Could you first introduce yourself to the reader?
Hi, I’m Robert Wenley, Head of Collections and Deputy Director of the Barber Institute of Fine Arts at the University of Birmingham, where I have worked since 2010. The Barber was founded in 1932 by Lady Barber for the ‘study and encouragement of music and art’, and is housed in a Grade I Art Deco building that opened in 1939. It includes a superb concert hall as well as a small but world-class fine art collection, built up by successive directors since the mid-1930s, using funds controlled by the Henry Barber Trust, which owns the collection. There is also a fantastic collection of Roman and Byzantine coins.
I previously had curatorial roles at Glasgow Museums (2003-10) and the Wallace Collection before that (1991-2003).
What does your job involve? Give us the typical outline of a day?
I have responsibility for the care, display and interpretation of the collections. This includes managing the conservation and exhibitions and displays programmes. There is no standard day, but a priority is always to check that my team members are all okay and that the display and storage of the collection is as it should be. I’ll also help where necessary with any object moves that usually take place before we open to the public. Much of my time is taken up with the preparation and delivery of exhibitions, displays and related talks, which involves regular planning meetings, research and a great deal of editing of texts. As with so many jobs today, a lot of my work is in front of a computer screen, but for me it’s a necessity as well as a pleasure regularly to visit the collection upstairs in the galleries.
What’s great about your job?
It’s great to be able to work with a world-class collection, and to have the responsibility of caring for and also researching it. Equally rewarding and enjoyable is that I work with a small but highly skilled and dedicated team, each colleague similarly passionate about working at the Barber.
What are the bits you don’t like or find challenging?
There is, unavoidably, quite a lot of routine admin which, while not necessarily especially onerous or challenging, can take one away from the more immediately enjoyable or rewarding aspects of the job.
What are the highlights of your career to date?
I have been very fortunate to work in three of the finest historical fine art collections in the UK – the Wallace Collection (London), the Burrell Collection/ Glasgow Museums (Glasgow), and the Barber Institute (Birmingham). At the Wallace I co-founded the international French Bronze Study Group and wrote the first book dedicated to French Bronzes; in Glasgow, I led the redisplay of the Dutch Gallery at Kelvingrove Museum and published extensively on this part of Glasgow’s collections; at the Barber, I have curated numerous exhibitions, and co-authored the catalogues, on subjects including Govaert Flinck, Jan Steen and Jan de Beer. I have also served as an editor of the Sculpture Journal, and am currently Chair of Birmingham’s Public Picture Gallery Fund (founded in 1871), and Chair of the Specialist Advisory Board of the Public Statue and Sculpture Association.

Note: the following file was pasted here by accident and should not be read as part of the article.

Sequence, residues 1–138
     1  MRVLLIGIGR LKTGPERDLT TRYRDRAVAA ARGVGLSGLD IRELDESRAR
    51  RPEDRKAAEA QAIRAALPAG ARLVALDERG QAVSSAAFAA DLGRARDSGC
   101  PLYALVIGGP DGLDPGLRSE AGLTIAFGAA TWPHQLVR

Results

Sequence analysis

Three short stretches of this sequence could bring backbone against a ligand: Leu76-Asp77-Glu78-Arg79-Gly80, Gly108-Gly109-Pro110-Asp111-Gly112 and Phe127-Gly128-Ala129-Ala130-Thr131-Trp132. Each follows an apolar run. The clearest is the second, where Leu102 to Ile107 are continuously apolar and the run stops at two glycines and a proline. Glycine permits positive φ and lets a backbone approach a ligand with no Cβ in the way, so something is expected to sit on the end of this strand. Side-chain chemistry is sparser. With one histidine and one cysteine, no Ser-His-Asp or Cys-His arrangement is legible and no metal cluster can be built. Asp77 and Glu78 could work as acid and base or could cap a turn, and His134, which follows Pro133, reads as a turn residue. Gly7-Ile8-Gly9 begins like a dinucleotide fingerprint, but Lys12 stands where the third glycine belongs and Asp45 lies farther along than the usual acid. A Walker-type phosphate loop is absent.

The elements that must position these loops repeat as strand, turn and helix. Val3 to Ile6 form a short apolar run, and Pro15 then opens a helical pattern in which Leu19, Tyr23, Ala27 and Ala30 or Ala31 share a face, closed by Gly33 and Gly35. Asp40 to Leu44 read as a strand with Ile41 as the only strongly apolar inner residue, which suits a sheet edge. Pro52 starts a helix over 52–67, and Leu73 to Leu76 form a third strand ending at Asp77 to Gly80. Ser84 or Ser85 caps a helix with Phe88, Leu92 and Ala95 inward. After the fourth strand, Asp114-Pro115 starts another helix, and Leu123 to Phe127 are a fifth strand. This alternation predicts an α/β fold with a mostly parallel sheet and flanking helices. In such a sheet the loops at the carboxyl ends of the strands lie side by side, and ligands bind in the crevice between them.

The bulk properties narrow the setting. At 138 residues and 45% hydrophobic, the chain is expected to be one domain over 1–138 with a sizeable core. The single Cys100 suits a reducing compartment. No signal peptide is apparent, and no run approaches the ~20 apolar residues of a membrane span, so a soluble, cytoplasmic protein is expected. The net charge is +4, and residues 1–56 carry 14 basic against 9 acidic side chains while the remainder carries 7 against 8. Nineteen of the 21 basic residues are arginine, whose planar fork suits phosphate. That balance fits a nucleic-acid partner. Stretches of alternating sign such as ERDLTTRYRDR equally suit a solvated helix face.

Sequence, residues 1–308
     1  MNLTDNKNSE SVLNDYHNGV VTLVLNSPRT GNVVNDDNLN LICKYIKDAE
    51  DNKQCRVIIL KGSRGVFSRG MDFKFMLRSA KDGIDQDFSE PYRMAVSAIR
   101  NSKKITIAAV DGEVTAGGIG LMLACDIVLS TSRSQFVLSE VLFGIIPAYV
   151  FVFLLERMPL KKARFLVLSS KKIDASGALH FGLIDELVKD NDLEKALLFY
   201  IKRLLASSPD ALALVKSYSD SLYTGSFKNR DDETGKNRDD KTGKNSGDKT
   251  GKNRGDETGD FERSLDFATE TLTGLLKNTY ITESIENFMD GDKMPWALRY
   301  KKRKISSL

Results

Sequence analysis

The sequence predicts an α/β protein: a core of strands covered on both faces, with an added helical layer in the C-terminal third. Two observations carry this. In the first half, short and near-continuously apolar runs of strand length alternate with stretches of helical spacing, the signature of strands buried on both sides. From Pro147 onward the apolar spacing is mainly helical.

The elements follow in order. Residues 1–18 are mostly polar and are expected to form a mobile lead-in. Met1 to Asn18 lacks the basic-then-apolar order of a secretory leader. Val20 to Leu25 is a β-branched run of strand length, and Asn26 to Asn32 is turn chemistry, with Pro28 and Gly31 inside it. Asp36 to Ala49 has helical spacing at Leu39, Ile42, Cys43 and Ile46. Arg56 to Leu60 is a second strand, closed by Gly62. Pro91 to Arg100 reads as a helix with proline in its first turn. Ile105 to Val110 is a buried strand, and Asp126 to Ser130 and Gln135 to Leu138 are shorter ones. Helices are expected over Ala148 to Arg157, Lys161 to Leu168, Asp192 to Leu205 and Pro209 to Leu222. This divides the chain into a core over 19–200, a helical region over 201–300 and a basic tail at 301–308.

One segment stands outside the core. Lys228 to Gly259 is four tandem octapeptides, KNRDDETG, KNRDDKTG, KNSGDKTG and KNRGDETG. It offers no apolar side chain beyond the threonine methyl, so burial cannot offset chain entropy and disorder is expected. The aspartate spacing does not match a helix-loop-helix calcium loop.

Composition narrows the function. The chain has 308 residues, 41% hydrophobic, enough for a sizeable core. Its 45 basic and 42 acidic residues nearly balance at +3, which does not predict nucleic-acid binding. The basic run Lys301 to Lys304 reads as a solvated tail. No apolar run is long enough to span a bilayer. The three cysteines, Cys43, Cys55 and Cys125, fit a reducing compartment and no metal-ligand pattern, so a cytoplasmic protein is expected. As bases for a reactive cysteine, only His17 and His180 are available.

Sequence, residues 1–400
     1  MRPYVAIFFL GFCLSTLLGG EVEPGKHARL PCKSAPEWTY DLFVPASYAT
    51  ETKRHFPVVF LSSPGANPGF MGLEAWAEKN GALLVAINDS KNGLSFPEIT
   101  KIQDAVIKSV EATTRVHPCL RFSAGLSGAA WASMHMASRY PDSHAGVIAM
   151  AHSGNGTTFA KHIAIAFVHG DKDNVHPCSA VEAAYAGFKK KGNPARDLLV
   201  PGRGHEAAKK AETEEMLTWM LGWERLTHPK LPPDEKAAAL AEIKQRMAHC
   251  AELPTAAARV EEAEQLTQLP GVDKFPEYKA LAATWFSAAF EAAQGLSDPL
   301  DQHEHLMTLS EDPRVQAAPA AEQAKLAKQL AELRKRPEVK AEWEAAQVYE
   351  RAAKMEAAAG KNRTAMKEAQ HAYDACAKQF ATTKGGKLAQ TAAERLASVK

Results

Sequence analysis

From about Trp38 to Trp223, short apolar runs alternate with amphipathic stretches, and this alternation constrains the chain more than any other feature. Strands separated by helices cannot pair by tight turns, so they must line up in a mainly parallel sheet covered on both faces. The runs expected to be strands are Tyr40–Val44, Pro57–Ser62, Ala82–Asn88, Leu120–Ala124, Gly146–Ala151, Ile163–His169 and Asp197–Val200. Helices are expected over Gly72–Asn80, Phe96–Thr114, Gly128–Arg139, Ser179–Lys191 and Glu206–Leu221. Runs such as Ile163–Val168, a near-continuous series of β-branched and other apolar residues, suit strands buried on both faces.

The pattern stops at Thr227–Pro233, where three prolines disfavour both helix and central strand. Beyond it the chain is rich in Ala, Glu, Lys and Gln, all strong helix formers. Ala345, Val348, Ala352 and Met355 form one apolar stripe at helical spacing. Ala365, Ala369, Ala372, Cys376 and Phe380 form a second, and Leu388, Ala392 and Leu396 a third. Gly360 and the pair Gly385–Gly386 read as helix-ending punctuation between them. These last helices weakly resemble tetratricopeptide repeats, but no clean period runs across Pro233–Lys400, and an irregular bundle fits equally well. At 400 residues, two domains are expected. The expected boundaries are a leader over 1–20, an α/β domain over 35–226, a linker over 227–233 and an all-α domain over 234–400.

What was your career path into this job? Have you also worked outside the arts?
I studied History (BA) at Durham University, and Gallery Studies (M.Litt.) at St Andrews University, with a year in between as an exhibition research assistant at Norwich Castle Museum. All three components were vital for my future career. As I was completing my M. Litt, I secured a job as an ‘Assistant Curator’ at the yet-to-be-opened British Golf Museum in St Andrews, where I worked for about 9 months. Definitely not an art collection, though it was fascinating to be there at the birth of a completely new museum.
Can you describe your biggest challenge so far in your career? How did you overcome it?
Probably my biggest challenge was to move from the Wallace Collection, where I was focused on studying sculpture, to Glasgow Museums, where my main concern was with its great Dutch and Flemish picture collection. That was both a big professional shift in focus, and culture, and a huge physical and psychological relocation for my partner and me. I was fortunate to have wonderful support from my partner but also from colleagues in Glasgow and indeed more widely in Scotland. As ever, the collections themselves were hugely motivating and inspirational.
Have you noticed any changes in the industry? If so, what?
There is a much greater emphasis now than when I started on the social agenda of museums, and accordingly, in many institutions, the status of learning and access teams, and to a lesser extent of marketing staff as well, has risen in comparison to that of curators (at least of the specialist, research-oriented variety) has fallen. There is also generally a much greater emphasis on institutions raising more funds themselves to help cover their costs.
You’ve been granted the ability to send a message to 16-year-old you. What do you say?
Pursuing a career as a curator/ in a museum is a perfectly valid and rewarding path to follow, and will fully engage your intellectual and creative faculties. However, don’t expect it to be well-rewarded financially. Getting to the top of the profession is tough and you’ll need confidence and good fortune as well as hard work to achieve that.
Do you have any advice for young people interested in doing your kind of job?
Try to get as much practical museum/gallery-based experience as you can as well as the best academic qualifications you can manage. A PhD would be an advantage, as well as language skills if you want to specialise as a more academic curator. Arrange to talk to people like myself – we are always willing to offer advice – but also consider related jobs like exhibitions manager and registrar.
For more information about the Barber Institute of Fine Arts, click here.